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Using Neutral Facial Expressions in Professional Presentations

Did you know that the old maxim, your face speaks a thousand words, applies in the context of professional presentations? Your facial expression plays a vital role in boosting your credibility, and in connecting with your audience.

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To become a professional presenter, use your facial expressions to your advantage, but this doesn’t mean you can just arch your eyebrows, frown, smile, or grimace. Sometimes, maintaining a neutral facial expression works best.

Sometimes, maintaining a neutral facial expression works best.

Keeping a straight face

A neutral face is a blank expression that implies a lack of perceptible emotion. Most of the time an emotionless face is defined by straight-lined mouths, unfocused eyes, and slack cheeks.

Though it communicates negativity to some, others see it as a reflection of calmness.

It’s the simplest way to detach yourself emotionally from the situation, making you deliver a more effective and professional presentation.

How this can work for you

A neutral expression may work when giving audiences an unbiased take on varying concerns and opinions. It’s ideal for expressing both disinterest and interest in the topic, while absorbing or listening to the idea being presented.

Doing this not only reflects your professionalism, but it also displays your respect towards them.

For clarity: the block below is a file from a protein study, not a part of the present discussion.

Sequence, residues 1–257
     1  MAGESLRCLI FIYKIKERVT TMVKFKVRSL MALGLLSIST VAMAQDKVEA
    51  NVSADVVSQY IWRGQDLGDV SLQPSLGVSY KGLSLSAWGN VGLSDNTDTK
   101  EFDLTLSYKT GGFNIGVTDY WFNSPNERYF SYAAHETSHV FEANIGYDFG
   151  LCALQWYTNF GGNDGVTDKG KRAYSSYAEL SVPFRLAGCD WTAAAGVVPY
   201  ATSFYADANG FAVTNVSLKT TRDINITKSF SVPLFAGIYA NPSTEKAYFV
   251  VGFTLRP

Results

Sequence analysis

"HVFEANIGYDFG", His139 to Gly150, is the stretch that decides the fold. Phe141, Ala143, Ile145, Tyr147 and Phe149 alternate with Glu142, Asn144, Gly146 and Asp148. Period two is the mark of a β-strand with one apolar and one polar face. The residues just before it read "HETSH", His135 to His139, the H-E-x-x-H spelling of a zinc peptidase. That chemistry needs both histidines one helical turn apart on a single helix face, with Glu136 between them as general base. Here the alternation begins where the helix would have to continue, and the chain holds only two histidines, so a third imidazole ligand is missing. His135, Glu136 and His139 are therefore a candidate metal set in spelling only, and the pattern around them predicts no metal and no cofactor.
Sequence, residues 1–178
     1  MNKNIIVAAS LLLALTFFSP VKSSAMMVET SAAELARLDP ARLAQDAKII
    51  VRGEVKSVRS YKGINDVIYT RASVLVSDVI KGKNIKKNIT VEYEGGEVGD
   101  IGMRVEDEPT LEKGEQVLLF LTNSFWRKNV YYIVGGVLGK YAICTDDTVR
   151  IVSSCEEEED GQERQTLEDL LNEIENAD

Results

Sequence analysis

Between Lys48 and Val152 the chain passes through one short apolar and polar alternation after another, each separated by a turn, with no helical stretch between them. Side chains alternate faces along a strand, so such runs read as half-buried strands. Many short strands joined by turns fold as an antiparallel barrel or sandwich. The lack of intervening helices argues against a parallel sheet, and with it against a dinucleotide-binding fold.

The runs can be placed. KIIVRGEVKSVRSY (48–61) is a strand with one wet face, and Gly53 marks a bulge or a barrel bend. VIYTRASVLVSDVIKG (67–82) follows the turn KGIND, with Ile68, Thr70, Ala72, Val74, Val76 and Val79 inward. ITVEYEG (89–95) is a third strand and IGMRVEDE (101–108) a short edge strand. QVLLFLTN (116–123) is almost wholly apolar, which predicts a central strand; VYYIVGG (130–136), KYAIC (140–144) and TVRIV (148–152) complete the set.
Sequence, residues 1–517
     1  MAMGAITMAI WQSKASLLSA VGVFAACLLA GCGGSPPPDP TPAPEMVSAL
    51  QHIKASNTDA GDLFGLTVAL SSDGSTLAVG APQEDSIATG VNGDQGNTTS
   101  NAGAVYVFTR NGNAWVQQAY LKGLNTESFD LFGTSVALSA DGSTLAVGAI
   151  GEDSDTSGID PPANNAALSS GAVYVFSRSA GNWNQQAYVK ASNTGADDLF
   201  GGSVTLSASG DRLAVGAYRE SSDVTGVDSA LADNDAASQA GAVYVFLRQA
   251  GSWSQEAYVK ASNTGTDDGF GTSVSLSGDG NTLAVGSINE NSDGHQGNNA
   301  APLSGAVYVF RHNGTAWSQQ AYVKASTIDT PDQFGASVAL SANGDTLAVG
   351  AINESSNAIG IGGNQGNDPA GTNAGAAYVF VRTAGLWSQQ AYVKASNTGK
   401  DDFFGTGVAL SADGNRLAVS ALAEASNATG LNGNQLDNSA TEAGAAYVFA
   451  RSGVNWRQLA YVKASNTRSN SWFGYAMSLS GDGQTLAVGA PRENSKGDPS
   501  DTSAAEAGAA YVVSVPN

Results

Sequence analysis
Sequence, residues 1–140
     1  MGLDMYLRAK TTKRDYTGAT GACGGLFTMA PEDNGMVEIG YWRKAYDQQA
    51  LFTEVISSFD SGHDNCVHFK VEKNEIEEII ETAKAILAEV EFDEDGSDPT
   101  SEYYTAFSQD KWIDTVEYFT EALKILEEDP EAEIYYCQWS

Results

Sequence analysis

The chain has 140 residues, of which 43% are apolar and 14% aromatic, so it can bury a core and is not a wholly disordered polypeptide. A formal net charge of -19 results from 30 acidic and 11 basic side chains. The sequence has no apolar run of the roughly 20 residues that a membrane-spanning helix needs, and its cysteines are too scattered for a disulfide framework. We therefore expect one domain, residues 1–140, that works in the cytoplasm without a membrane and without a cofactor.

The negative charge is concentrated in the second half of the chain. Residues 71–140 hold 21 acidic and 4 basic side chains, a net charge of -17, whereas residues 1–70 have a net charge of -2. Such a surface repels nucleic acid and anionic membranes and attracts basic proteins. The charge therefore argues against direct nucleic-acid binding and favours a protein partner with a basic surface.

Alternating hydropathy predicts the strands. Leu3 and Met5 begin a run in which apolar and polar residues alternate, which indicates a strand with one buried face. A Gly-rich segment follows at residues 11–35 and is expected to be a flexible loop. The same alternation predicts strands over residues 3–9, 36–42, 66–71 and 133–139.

When this expression is most appropriate

All the other facial expressions openly display a person’s emotions, while the neutral face hides and balances your composure during stressful situations.

According to speech trainer Kathy Reiffenstein, some appropriate situations for the neutral face include:

Confrontational or Argumentative Discussions

As a presenter, you should have the innate skill of maintaining a steady facial expression, especially during difficult talks and arguments.

When you’re at the peak of your emotions, there’s a tendency to become less aware of your words and actions. That’s why neutrality must be applied to show people that you treat your work seriously and professionally.

Irrelevant Answers

When someone answers incorrectly, showing a neutral expression won’t embarrass them. Nobody would want a getting a laugh or a frown as a response.

Avoid making disrespectful expressions after hearing an erroneous reply. Instead, treat your audience with care and politeness by providing the correct answer and thanking them for responding.

Expressing Opposing Views

You’re also required to remain neutral when faced with opposing viewpoints. You have to weigh the strong and weak points of different views, without jumping to conclusions and expressing negative reactions.

This motivates your audience to share different perspectives and ideas. Otherwise, varying facial expressions dissuade them from sharing their point of views.

Disruptive Audience Members

Dealing with a difficult audience is a common challenge for every presenter. There’ll always be someone who likes to cause trouble or hear themselves talk.

In cases like this, maintaining a neutral face helps you keep your cool. It communicates your sense of maturity and persistence in handling a disrespectful audience.